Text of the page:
This is, to the say the least, a good year, but not unusual. In three short years, Jen’s girls have won 23 dual meets against only three losses. The team has been conference champion all three years, 2nd in the regional to you-guessed-it, and qualified for state competition all three years. In 2004, the Tigers were sixth in the state. Last year, they were fourth.

It would be easy to conclude that Jen’s success is  simply the result of inheriting quality tennis players from Hall of Famer Gary Ellis who had to give up the job three years ago when he became Allegan’s athletic director but insiders know that Jen has more than paid her dues. She was Gary’s assistant for the previous seven years and still helps him out in the spring. Furthermore, over the years she has been a staple in the school’s summer program. She was so vital to the success of Allegan tennis that she was awarded MHSTeCA’s Assistant Coach of the Year Award in 2003.

She has also provided a stunning example of what an Allegan tennis player can do. After all, Jen, a 1S for the Tigers all four years that she was in high school, won the conference title three years. She was a 1S state finalist her senior year and holds the school record for most shut-outs (6-0, 6-0) with 34. She finished her senior year with 97 career wins at 1S, No. 3 on Allegan’s all-time list. She then went on to Western Michigan where in four years, she won 181 matches, No. 5 on the all-time Bronco Win List.

Thus, Jen came back to her alma mater as a tennis legend, but certainly hasn’t rested on her laurels. She is in her fourth year teaching math and science to 6th and 7th graders in Allegan. The mother of two small children, you would think she would be slowing down a bit. But look at the record, listen to glowing remarks about her from colleagues, think again, and hand her a coach of the year award.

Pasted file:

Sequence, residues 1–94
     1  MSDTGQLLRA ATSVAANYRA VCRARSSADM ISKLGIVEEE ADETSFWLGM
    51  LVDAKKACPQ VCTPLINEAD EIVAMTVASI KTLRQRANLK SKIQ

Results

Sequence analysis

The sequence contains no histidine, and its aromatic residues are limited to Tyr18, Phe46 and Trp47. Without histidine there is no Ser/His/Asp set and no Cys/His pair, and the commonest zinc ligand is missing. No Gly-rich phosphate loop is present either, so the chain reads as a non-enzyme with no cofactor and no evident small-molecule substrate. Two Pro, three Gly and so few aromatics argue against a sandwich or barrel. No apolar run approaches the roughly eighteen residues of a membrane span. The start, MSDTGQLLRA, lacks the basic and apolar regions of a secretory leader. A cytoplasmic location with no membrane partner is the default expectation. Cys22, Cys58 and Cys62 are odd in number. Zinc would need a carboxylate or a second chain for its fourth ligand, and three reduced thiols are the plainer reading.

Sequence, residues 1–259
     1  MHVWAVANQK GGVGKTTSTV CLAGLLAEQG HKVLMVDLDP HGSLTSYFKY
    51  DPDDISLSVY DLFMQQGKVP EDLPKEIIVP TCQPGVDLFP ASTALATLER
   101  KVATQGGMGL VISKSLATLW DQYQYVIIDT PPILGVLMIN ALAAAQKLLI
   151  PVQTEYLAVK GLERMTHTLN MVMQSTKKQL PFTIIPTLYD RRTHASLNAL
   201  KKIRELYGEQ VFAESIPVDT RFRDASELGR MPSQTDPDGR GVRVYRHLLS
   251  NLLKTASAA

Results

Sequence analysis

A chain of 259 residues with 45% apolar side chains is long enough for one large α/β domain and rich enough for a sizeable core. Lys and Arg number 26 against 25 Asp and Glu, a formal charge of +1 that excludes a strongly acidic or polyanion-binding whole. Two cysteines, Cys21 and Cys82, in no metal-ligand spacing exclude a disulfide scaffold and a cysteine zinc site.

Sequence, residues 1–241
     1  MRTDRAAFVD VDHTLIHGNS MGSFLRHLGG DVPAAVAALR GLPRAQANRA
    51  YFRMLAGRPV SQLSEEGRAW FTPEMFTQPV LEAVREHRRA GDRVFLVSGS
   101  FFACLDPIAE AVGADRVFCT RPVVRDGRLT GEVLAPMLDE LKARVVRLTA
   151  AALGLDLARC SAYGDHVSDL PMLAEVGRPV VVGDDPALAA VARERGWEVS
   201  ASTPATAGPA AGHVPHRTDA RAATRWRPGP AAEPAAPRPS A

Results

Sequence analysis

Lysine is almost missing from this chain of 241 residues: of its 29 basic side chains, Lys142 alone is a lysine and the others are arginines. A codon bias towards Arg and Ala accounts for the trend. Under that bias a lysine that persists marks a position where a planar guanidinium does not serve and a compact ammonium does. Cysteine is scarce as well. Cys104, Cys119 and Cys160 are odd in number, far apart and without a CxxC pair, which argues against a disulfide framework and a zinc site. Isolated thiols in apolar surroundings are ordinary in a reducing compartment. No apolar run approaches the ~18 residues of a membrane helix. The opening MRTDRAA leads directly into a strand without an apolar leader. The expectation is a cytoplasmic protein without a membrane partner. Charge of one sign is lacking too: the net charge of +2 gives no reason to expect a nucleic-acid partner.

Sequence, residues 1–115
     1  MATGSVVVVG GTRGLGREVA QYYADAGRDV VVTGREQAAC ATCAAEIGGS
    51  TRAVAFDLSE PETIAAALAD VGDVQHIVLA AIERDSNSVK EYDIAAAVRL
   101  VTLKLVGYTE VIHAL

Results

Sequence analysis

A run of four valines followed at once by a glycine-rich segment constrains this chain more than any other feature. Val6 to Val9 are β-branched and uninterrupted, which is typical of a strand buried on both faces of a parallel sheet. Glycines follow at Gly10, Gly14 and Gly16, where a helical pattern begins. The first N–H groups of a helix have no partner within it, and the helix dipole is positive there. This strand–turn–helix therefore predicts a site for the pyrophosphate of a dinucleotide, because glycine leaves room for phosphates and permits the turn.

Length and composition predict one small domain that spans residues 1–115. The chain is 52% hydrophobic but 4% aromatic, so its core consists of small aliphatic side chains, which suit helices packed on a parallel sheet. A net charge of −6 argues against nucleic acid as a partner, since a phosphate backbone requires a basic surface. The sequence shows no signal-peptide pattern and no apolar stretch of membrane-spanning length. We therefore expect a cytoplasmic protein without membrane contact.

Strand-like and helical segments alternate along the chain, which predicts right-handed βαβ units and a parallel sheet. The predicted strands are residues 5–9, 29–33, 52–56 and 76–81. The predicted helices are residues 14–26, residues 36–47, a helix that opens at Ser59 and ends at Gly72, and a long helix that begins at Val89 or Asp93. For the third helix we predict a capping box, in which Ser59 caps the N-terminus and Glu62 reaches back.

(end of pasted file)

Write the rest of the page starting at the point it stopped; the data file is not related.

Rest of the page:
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Joe Gentle, North Muskegon - Division 4

One of the finest compliments that can be bestowed on a coach is: “He is the same person, both in defeat and in victory.” In 1995, Joe Gentle won the boys coach of the year award with one of the best teams in the state: the Norsemen tied Grosse Pointe University Liggett that year for the state title. In 2004, he was again voted boys coach of the year even though his team that year was 3-6-2 and had placed sixth in their regional. Through it all, he was the same hard but gracious competitor.

In the fall of 2006, his sixth year as girls varsity coach, the team finished at 7-1-1 and won one tournament, the Petoskey Invitaional. Their only blemishes were a 5-3 loss to Grand Rapids Catholic and a tie with Whitehall, both matches played without Joe’s 2S.

“Last season (2005), we had most of the same players and had a very good season,” he says. “We had been ranked in the top ten all season but underachieved in both the regional and state tournaments. We ended up 12th in the state tournament. We made it a goal to play well all the way through to the end of the season this year.”

Goal achieved: Joe’s team won the regional with 27 points (four flights were regional champions) and then finished third in the 2006 final tournament with 20 points, two behind second place Ann Arbor Greenhills. “The girls put in extra effort in order to have a strong finish this season,” he says. Four of his flights made it to the semifinals and the No. 1 doubles team won the state championship.

Directing the North Muskegon girls has been an easy transition for Joe in that he had been the team’s assistant coach under Greg Wieman and thus had already spent considerable time with many of the players. In addition, since 1989 he has  been heavily involved in the summer program, an activity that currently fields approximately 150 kids, and thus he is a fixture in the tennis community. “Without the summer program, it is doubtful that North Muskegon would have high school tennis teams,” he says.

Years ago, Joe brought a solid tennis program to the area. Growing up in Rochester, he started the game in junior high, played first singles at Rochester High School, and then taught in summers at the Bloomfield Tennis House and the Beverly Hills Racquet Club while attending U of M. He later spent time in Chile establishing, among other activities, a community tennis program. After spending seven years in industry, he went to work in North Muskego as a computer instructor in the school (he is currently the school system’s technical director). His tennis experience made him an obvious choice to direct the boys team, a job he started 17 years ago.

But he does more than that. Joe has managed six regional tournaments in his six years of coaching girls tennis. Additionally, for seven years he has been a member of the state seeding committee, an arduous task that takes both stamina and integrity. He is also a member of our association’s board of directors. He does all of this in a quiet, self-effacing, but competent manner, one that inspires confidence. It is not surprising that his colleagues would honor him with yet another (count ‘em: three) state coach of the year award.